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How to prevent baby bottle tooth decay

Aug 13, 2012

Baby Bottle Tooth Decay
Photo Source: BabyFirstYear.org

Protecting a child’s teeth begins their first year and even though their baby teeth are temporary, its important to start them off with good oral health.

Baby teeth help adult teeth to come in correctly but baby teeth are vulnerable to cavities just like adult teeth. In fact, 40 percent of children have tooth decay by kindergarten age. Children also need strong, healthy teeth to chew properly, speak well and to say “cheese” for all those years of school pictures.

Tooth decay in infants and toddlers is often called Baby Bottle Tooth Decay.  It usually occurs in the upper front teeth, although other teeth can also be affected.  Lots of factors can cause tooth decay, but the most common cause is when babies are put to bed with a bottle filled with fruit juice, sugar water or soft drinks.

Other ways tooth decay begins is when the mother or primary caregiver cleans a pacifier or baby spoon by licking it or by flavoring pacifiers by dipping them in honey or sugar. If parents use only bottled water a child also may not be getting enough cavity-preventing fluoride found in most public water supplies.

How to Prevent Baby Bottle Tooth Decay

  • Don’t share utensils with your child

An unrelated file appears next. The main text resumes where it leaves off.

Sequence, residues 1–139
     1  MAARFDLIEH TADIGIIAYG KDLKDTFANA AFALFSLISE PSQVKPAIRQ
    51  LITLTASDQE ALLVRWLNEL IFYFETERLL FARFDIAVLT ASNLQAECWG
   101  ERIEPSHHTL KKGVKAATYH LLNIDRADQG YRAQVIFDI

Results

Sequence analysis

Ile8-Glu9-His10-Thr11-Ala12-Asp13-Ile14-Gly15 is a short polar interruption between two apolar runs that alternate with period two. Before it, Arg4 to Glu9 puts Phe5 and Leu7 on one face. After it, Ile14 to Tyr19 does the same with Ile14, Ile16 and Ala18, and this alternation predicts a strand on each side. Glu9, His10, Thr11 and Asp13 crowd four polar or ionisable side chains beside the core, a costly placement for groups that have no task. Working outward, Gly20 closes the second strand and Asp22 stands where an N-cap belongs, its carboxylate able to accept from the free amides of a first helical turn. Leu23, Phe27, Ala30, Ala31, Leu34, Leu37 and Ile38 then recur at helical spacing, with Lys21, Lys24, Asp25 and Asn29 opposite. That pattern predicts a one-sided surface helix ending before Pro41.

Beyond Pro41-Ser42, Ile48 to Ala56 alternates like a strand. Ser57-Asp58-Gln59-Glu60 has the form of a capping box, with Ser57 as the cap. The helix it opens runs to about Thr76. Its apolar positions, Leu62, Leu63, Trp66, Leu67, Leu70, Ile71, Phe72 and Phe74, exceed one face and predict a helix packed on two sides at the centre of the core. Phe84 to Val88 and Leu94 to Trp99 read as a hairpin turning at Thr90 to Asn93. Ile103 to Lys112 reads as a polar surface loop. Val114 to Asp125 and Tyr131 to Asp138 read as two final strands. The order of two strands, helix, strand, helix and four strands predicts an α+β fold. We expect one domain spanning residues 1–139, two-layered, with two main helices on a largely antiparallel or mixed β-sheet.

• Wipe your baby’s gums with a clean, damp gauze pad or washcloth until their teeth start coming in
  • Avoid filling baby bottles with fruit juice, soft drinks or sugar water. Use only breast milk, milk or formula in bottles
  • Use only clean pacifiers. Don’t dip a pacifier in anything like sugar or honey
  • Never send your child to bed with a bottle
  • Once the teeth start coming in, brush them gently with a children’s toothbrush and water. Consult with your dentist or doctor before using fluoridated toothpaste before age two
  • Brush your child’s teeth with a pea-sized amount of toothpaste from ages two to six
  • Train your child to drink from a cup by their first birthday
  • Encourage healthy eating habits
  • Be a good example by brushing twice daily and flossing regularly

Sources: MouthHealthy, Yahoo News, American Dental Assocation



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